On September 9, 2021, President Biden announced a six-part plan to fight COVID-19. In spoken words, he described a “pandemic of the unvaccinated” caused by the fact that nearly 80 million Americans have not yet received a vaccination. To address the ongoing crisis, the White House is taking steps to significantly increase the number of Americans vaccinated by ensuring that vaccine needs “become dominant in the workplace.”
The plan includes immunization requirements for federal employees, federal contractors, and healthcare workers in Medicare and Medicaid-participating hospitals and other healthcare facilities. Large employers must ensure their workforce is fully vaccinated, or impose certain testing requirements and give their employees paid time off for vaccinations and vaccine side effects.
The White House will announce further steps in the coming weeks. Readers should continue to follow developments as the requirements described below may change.
Employers with 100+ employees
President Biden called on the Occupational Health and Safety Authority (OSHA) to issue a temporary emergency standard requiring large employers (with more than 100 employees) to fully vaccinate their employees or undergo weekly tests. The President also instructs OSHA to require large employers to give those workers paid time for vaccinations or related side effects. The President described this as “removing one of the last remaining obstacles” to vaccination. Employers anticipating these new requirements should think about how they will carry out the process.
However, until the standard is issued and more guidance is available, some questions are unlikely to find clear answers. For example, do employers have to compensate their employees for the weekly testing time even if they refuse to be vaccinated for reasons unrelated to an underlying health condition or religious belief that prevents vaccination? How will employers manage the process of obtaining weekly test results so that this confidential medical information is protected?
Federal executive workers and federal contractors
By order of the executive branch, the president extended vaccination requirements to all executive staff and removed the option of weekly testing with the exception of approved exceptions. The National Treasury Employees Union, one of the major unions for federal employees, has already announced that it will accept the vaccination mandate.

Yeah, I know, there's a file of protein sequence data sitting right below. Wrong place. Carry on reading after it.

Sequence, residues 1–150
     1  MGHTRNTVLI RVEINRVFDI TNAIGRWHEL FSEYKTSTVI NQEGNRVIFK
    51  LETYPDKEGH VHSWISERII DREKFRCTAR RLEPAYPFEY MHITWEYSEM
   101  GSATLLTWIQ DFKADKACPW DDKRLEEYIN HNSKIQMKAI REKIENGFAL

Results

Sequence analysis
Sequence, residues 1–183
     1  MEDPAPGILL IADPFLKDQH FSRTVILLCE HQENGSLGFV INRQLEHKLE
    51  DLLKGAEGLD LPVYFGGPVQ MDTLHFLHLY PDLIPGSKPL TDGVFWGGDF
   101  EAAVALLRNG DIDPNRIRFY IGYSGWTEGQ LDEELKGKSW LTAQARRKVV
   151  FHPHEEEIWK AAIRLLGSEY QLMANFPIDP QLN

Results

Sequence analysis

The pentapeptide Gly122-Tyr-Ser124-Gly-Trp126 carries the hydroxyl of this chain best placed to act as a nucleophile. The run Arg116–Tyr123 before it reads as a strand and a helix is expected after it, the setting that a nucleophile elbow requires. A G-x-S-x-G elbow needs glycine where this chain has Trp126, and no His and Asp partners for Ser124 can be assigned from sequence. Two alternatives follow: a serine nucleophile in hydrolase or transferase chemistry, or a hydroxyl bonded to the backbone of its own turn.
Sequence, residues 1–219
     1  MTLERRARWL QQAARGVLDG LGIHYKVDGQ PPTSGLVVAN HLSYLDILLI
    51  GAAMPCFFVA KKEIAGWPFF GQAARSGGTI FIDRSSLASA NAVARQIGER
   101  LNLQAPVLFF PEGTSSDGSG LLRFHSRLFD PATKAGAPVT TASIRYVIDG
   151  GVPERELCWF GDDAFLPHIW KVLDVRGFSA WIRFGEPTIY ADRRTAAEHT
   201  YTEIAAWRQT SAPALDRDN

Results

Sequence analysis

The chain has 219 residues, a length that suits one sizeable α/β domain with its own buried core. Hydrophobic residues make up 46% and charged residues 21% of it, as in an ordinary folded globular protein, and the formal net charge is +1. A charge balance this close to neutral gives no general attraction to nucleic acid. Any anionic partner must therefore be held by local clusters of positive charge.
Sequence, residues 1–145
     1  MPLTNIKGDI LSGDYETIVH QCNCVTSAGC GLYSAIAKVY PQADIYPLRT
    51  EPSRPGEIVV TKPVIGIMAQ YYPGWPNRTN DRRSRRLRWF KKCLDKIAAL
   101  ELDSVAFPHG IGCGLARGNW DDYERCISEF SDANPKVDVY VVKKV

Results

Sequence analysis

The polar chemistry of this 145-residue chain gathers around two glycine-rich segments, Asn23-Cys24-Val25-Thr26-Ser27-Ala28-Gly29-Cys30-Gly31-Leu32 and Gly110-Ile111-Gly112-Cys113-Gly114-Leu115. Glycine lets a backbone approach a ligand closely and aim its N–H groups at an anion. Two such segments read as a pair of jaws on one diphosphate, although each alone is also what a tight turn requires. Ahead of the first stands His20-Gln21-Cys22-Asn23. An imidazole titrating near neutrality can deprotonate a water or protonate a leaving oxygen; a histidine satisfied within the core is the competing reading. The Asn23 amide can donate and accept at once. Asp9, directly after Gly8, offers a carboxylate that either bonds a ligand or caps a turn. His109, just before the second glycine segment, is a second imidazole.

The president also ordered the Safer Federal Workforce Task Force to issue guidelines by September 24 on measures to be taken in the workplace to protect workers of federal entrepreneurs. This extends his previous executive order, which focused on state contractors working in federal facilities. The President summed up his position on this issue: “If you want to work with the federal government and do business with us, get vaccinated.”
Health workers in Medicare and Medicaid participating hospitals and other health care facilities
The federal government is currently requiring vaccination of nursing home workers treating Medicare and Medicaid patients. Driven by what the president called a “simple, straightforward” belief that those seeking health care should trust that those treating them are vaccinated, the new plan extends the existing regime to include workers in hospitals, home health care facilities and dialysis facilities, outpatient surgical facilities, and other medical facilities that are reimbursed by Medicare or Medicaid. These requirements apply to approximately 50,000 providers and will create a more consistent standard in healthcare across the country.
Other elements of the COVID-19 plan
The COVID-19 plan includes several other elements that might be of interest to employers, including a request to large entertainment venues such as sports arenas and concert halls to vaccinate their guests or submit a negative test for entry.
The plan also provides for measures related to schools, including requiring teachers and staff in the early start and early start programs to be vaccinated. The president urged governors to require vaccination for all teachers and staff, noting that even an unvaccinated teacher can result in dozens of sick school children. Currently, only nine states (plus the District of Columbia and Puerto Rico) have vaccination requirements for K-12 school staff.
The plan also aims to improve care for those infected with COVID-19 by increasing support for congested hospitals. The Department of Defense will double the number of clinic teams it has deployed to help hospitals fight a surge in COVID-19 cases.
Finally, the president appealed to the country’s general practitioners, pediatricians, and general practitioners to reach out to their unvaccinated patients and encourage them to vaccinate.